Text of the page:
[For more on online financial planners, read “How Can An Online Financial Planner Help Me Build Wealth]
4. Create a budget
Among the most important ways to let your money work for you and begin achieving your financial goals is to create a budget. A good budget helps you clearly understand where your money is coming from and where it is going.
Before you can begin to save and invest, your monthly income must exceed your monthly expenses. Therefore, you need to know your expenses — in detail — relative to your income, whether they are too much given your financial goals, and how you can reduce them where needed to increase your savings and investing potential.
Budgeting is important because the first step to making your money work for you is having control over your money.
“The simplest definition of a budget is ‘telling your money where to go,’” said Tsh Oxenreider, author of Organized Simplicity: The Clutter-Free Approach to Intentional Living.
A good budgeting system to start with is the 50:30:20 approach. Here, 50% of your monthly income goes to basic needs (housing, food, clothing, utilities), 30% for wants (vacations, eating out, etc.), and 20% for savings and investments.
Some people who desire to retire early (the financial independence retire early movement) often use an approach where their savings and investments represent between 40% and 70% of total monthly income (but this is considered “extreme savings”).
If your financial goals don’t require such extreme measures, stick to the 50:30:20 approach.
[Learn more about budgeting in “6 Tips That Will Help You: How to Budget and Save Money]
5. Pay off your debt
If you have already accumulated debt at this point, you need to focus on paying it off before you can truly let your money work for you. Why is this important?
There are some debts (e.g. car loans, student loans) where your interest repayment is calculated on the debt’s outstanding balance. In that case, the faster you repay the debt, the lower the amount of interest you incur.
In these cases, it’s better to focus on clearing your debt before focusing solely on investing.
One option would be to split your savings, investments, and debt payments, depending on projected investment returns and the current interest rates of your debts.
If your projected investment returns are higher, then you can feel confident to begin investing. If the interest rates of your loans are higher than projected investment returns, then adjust accordingly putting a heavier emphasis on paying down the high-interest debts.
6. Set up an emergency fund
While paying off your loans is the best solution to the debt you already have, setting up an emergency fund will ensure you don’t have any in the future.
An emergency fund is a stash of money put aside to cater to unplanned expenses (a car repair, for example) and unexpected circumstances (job loss, uninsured medical situations).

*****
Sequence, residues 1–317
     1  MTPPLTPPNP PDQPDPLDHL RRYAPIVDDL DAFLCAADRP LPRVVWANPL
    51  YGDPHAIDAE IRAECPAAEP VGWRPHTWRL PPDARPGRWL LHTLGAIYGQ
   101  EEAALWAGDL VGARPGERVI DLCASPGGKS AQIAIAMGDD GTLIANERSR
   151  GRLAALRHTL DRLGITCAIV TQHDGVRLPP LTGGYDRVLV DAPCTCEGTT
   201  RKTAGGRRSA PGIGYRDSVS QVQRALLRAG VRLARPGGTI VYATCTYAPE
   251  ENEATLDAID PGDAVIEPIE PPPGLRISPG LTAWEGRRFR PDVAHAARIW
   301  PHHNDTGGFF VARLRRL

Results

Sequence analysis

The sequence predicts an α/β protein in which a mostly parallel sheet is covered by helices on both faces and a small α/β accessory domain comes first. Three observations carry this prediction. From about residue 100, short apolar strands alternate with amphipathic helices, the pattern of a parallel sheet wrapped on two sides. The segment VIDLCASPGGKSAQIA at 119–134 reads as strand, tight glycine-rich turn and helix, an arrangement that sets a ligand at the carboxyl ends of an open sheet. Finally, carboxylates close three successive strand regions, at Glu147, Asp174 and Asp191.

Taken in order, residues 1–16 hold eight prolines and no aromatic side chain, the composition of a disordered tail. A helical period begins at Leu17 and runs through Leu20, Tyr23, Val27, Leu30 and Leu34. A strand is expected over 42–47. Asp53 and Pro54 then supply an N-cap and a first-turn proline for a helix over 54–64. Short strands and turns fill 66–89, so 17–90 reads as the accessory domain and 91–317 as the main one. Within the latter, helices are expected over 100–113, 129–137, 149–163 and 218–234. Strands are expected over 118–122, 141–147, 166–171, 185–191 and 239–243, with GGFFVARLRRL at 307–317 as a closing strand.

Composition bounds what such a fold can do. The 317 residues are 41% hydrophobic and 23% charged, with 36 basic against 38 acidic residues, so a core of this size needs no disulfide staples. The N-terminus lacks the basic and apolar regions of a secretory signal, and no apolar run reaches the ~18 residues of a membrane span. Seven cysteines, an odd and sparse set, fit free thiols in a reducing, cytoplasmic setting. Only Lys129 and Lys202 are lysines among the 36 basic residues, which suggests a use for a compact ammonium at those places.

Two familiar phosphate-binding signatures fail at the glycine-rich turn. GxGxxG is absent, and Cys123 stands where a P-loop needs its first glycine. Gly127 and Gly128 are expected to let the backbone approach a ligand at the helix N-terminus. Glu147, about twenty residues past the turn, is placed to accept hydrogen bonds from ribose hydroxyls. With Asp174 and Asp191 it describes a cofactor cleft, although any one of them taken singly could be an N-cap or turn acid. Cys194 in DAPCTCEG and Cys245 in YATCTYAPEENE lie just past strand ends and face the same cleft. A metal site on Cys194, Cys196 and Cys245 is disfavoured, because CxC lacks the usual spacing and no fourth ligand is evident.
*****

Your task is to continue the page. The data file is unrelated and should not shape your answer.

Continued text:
Most of the debts people incur are the result of some unplanned expenses or circumstances. However, instead of borrowing (at a usually high interest rate) to meet those emergencies, an emergency fund allows you to overcome them with the cash you have saved up — with no interest payments to a lender.
Before you let your money work for you through investing, set up an emergency fund equal to six months of your living expenses (the amount you spend on your basic needs, equal to the 50% in the 50:30:20 budgeting approach). If your monthly living expenses amount to AED 7,000, for example, you’ll need AED 42,000.
Why should this take priority?
If an emergency arises, you may have to sell your investments when the market is on an uptrend (and miss all those gains at an opportunity cost) or on a downtrend (and take a loss on your investment).
Which should come first, paying off your debt or setting up an emergency fund?
It’s best to set up your emergency fund in part (maybe three months of your living expenses) before cutting down your debts. This is because if you focus solely on paying off debt and an emergency arises, you will still have to take on more debt.
Once you have some money in your emergency fund, focus on paying off your debt and come back to complete your emergency fund.
[For everything you need to know about emergency funds, read “How To Start An Emergency Fund That Is Right For You”]
7. Embrace passive investing
Once you have saved enough in your emergency fund, it’s time to start investing. Every step that has come before is so that you can get here.
Remember that the advantage of having money work for you is its ability to generate compound returns over time. The way money does that best is through investing.